Is it possible that satan could be speaking through a man of God? One big lesson our Gospel passage this morning teaches us is that we must never assume all our thoughts and inspirations are divinely inspired. As the saying goes, “not all that glitters is gold.”
“Get behind me, Satan! You are a hindrance to me; for you are not on the side of God, but of men” (Matthew 16:23). Is it possible that satan could be speaking through a man of God? One big lesson our Gospel passage this morning teaches us is that we must never assume all our thoughts and inspirations are divinely inspired. As the saying goes, “not all that glitters is gold.”
Jesus was very impressed with Peter when he correctly answered a question of His true identity so much so that Jesus said: “Blessed are you, Simon Barjona! For flesh and blood has not revealed this to you, but my Father who is in heaven. And I tell you, you are Peter, and on this rock I will build my church” (Matthew 16:17-18).
For Jesus, anyone who is capable of hearing things from God is capable of handling the position of leadership. Peter was made the head of the apostles not because of his age, not because of his academic qualifications, not because of his international connections, not even because of his ethnicity or tribe, but because he was capable of hearing from God.
However, few moments after Jesus had made Peter the Head of the church, Jesus turned around to say to him: “Get behind me Satan…” This immediately tells us that no one is above temptations. It can be heartbreaking when someone of the calibre of Peter (say a priest, a bishop or even the Pope) says and does certain things you do not expect. Peter ought to have known better. Peter should never have tried to dissuade Jesus from the cross because it was precisely for the cross that Jesus took human flesh in the first place.
Jesus did not say “Get behind me Peter,” he said “Get behind me Satan” because Jesus using his power of discernment saw that Peter was not in charge of himself at that moment; that something else was working in him. Jesus did not attack Peter (like most of us would prefer to do), Jesus did not insult Peter. Jesus went straight to the source; he attacked satan, for trying to take advantage of Peter’s new position as the head of the Church.
In today’s first reading, the people of Israel spoke against God once again. This time, due to the absence of water when they came to the wilderness of Zin. They troubled Moses with so many complaints and he could not take it anymore. He and Aaron went to the door of the tent of meeting to seek God’s intervention. God told Moses to take a rod, assemble the congregation and SPEAK to the rock to yield its water.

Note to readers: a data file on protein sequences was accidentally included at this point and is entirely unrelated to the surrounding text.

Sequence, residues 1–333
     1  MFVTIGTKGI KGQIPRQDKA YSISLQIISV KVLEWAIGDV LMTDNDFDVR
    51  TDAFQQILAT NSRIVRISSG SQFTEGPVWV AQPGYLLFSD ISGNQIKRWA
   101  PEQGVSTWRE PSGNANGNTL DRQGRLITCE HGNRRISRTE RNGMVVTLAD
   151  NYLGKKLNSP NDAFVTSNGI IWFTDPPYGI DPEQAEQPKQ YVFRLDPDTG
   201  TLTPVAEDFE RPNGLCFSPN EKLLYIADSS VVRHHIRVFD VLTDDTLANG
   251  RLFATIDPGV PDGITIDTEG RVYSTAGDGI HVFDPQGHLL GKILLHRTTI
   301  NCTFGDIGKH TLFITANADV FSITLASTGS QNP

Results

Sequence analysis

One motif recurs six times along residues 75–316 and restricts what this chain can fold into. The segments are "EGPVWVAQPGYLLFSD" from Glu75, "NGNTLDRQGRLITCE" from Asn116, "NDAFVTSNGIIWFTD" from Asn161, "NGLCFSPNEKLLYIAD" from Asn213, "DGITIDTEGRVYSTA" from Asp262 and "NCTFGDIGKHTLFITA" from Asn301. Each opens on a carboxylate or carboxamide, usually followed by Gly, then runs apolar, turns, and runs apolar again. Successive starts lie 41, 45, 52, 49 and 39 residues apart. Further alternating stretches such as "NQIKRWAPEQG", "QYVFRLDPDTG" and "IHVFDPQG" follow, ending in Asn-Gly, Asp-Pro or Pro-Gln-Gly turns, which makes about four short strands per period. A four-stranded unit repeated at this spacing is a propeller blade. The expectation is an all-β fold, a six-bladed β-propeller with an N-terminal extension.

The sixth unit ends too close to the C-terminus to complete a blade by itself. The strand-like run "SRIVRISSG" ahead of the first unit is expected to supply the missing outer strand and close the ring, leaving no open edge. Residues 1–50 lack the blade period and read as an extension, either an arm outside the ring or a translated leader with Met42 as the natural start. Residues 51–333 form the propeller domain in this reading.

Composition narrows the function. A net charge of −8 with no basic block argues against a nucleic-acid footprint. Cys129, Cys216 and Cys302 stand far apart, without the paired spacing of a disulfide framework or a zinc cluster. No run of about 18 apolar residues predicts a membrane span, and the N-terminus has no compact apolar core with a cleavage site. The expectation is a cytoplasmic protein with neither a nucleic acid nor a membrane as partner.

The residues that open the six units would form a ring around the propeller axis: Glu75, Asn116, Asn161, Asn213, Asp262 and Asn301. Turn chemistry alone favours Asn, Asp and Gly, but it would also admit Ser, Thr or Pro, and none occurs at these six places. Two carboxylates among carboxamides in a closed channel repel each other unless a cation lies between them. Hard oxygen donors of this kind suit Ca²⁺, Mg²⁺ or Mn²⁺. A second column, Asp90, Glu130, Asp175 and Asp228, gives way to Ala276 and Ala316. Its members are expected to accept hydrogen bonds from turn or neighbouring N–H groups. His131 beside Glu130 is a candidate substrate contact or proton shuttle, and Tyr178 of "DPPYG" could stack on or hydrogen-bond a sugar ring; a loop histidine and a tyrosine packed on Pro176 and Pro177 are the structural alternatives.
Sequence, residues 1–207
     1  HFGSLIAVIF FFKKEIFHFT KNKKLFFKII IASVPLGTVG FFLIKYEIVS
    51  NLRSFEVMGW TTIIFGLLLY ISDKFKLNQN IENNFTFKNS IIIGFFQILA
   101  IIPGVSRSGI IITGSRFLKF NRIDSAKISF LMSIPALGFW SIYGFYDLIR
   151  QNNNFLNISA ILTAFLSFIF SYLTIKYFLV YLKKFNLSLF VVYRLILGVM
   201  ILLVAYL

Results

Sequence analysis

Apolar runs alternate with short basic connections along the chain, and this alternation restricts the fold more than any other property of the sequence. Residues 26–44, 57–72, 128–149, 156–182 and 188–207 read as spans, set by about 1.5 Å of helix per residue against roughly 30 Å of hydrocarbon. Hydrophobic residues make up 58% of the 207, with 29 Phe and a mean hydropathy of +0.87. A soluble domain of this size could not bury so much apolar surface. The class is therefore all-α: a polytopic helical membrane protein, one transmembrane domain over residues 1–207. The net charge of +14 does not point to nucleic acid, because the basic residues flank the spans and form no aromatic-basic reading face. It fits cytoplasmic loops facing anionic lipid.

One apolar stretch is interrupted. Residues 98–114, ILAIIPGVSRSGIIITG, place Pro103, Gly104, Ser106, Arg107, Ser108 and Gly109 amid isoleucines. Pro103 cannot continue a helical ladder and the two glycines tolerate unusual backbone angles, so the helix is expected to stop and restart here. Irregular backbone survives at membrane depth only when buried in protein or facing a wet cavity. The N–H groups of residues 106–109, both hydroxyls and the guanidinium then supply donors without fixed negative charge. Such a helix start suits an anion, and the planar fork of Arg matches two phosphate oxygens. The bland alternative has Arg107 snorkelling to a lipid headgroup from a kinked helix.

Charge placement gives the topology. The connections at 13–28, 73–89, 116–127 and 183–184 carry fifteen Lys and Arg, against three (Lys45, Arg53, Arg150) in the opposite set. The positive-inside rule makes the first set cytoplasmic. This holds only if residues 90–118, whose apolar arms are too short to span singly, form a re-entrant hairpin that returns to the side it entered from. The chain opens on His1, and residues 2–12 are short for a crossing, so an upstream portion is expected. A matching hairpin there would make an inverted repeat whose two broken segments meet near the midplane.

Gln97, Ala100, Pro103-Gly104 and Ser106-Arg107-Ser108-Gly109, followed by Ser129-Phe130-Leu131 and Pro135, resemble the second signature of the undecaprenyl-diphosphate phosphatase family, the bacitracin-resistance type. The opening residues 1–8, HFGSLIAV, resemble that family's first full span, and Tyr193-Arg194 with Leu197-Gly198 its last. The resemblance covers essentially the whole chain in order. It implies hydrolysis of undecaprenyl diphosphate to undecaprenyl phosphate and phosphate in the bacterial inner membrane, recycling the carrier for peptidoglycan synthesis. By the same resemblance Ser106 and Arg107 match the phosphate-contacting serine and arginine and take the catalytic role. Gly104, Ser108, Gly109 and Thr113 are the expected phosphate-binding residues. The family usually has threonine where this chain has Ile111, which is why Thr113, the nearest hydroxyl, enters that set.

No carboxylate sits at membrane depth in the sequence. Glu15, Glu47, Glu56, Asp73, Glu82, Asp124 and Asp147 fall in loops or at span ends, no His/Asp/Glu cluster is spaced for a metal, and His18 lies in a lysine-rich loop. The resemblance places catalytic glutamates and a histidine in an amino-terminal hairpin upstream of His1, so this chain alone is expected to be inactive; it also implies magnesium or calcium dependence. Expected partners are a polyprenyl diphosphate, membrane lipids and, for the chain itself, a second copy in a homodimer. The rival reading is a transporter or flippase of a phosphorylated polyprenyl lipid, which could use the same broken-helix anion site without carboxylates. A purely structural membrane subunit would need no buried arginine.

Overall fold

Unfortunately, Moses was carried away by the complaining attitude of the people. He probably wasn’t paying attention to God’s instructions. He didn’t hear well; he did not discern properly. He did not even believe water would come out from the rock. Instead of speaking to the rock as God commanded, Moses STRUCK the rock with the rod twice and water came forth from it. Moses disappointed God just as Peter in today’s Gospel passage disappointed Jesus. God spoke later to Moses saying, “Because you failed to believe me… you shall not bring this assembly into the land which I have given them.”
From the foregoing, we can see there is always a need for us to pray for our leaders. Not only are they completely human (capable of error), they are often the object of series of temptations from the evil one. It takes the power of God to avoid making such costly mistakes as we see in the case of Moses and Peter today.
Today we celebrate the life of Saint Dominic, an outstanding preacher. Born in old Castile, Spain, he was trained for the priesthood by a priest-uncle, studied the arts and theology, and became a canon of the cathedral at Osma. Dominic fought against heresy in the church by preaching God’s word to the poor people. His fellow preachers gradually became a community, and in 1215 he founded a religious house at Toulouse, the beginning of the Order of Preachers (Dominicans.) Today we rejoice with all the Dominican Fathers and Sisters, my very good friends and specially give thanks to God for continuing in the footsteps of St. Dominic. Their preaching, their teaching and their work of evangelisation has greatly benefitted the church.
Let us Pray: Lord Jesus, guard my thoughts, my words and my actions especially when I am angry, unhappy or being tempted by the devil. Grant that I may never disappoint you when I am carried away with emotions, Amen.
Rev. Fr. Evaristus Abu